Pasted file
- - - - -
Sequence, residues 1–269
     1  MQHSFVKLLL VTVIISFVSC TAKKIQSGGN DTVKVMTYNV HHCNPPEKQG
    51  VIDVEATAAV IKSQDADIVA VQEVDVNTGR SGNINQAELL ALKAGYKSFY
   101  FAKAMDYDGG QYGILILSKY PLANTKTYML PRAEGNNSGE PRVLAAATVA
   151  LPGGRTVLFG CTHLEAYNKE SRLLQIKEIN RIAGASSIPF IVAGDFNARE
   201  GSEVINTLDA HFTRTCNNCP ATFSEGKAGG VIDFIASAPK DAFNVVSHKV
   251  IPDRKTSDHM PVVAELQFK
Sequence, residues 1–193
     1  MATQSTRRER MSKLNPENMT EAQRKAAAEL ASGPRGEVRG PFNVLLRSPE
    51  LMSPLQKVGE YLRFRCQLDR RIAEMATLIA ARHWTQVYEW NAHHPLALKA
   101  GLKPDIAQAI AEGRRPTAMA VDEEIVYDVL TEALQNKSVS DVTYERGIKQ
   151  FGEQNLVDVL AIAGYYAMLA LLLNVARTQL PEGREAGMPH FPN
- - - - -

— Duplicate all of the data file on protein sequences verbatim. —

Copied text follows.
Sequence, residues 1–269
     1  MQHSFVKLLL VTVIISFVSC TAKKIQSGGN DTVKVMTYNV HHCNPPEKQG
    51  VIDVEATAAV IKSQDADIVA VQEVDVNTGR SGNINQAELL ALKAGYKSFY
   101  FAKAMDYDGG QYGILILSKY PLANTKTYML PRAEGNNSGE PRVLAAATVA
   151  LPGGRTVLFG CTHLEAYNKE SRLLQIKEIN RIAGASSIPF IVAGDFNARE
   201  GSEVINTLDA HFTRTCNNCP ATFSEGKAGG VIDFIASAPK DAFNVVSHKV
   251  IPDRKTSDHM PVVAELQFK
Sequence, residues 1–193
     1  MATQSTRRER MSKLNPENMT EAQRKAAAEL ASGPRGEVRG PFNVLLRSPE
    51  LMSPLQKVGE YLRFRCQLDR RIAEMATLIA ARHWTQVYEW NAHHPLALKA
   101  GLKPDIAQAI AEGRRPTAMA VDEEIVYDVL TEALQNKSVS DVTYERGIKQ
   151  FGEQNLVDVL AIAGYYAMLA LLLNVARTQL PEGREAGMPH FPN